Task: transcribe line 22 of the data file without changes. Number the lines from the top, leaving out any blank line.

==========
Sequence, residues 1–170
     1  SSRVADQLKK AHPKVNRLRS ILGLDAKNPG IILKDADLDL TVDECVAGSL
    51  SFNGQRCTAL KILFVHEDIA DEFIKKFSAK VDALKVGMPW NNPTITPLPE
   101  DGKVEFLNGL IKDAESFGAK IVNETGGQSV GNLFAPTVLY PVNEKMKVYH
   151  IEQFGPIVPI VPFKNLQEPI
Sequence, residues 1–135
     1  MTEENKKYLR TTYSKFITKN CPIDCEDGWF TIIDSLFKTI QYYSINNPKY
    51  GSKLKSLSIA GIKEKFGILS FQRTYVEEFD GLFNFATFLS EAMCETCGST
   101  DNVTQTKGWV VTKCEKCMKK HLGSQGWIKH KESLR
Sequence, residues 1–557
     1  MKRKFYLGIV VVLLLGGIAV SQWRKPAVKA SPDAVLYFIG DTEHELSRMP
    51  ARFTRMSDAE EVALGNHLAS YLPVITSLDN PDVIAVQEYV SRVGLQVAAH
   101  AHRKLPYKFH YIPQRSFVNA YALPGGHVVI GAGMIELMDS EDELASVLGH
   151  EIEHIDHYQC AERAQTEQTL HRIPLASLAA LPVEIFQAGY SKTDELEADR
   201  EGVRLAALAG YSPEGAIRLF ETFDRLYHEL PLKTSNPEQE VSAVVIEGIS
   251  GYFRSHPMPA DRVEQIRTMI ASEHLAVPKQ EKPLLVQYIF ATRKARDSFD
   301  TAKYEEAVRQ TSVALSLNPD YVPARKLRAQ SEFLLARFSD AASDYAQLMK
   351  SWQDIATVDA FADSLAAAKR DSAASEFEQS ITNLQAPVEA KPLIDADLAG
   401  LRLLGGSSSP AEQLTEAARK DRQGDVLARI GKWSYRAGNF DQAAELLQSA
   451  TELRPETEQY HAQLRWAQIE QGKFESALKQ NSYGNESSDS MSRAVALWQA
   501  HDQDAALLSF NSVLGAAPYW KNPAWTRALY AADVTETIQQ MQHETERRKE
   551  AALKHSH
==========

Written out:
   551  AALKHSH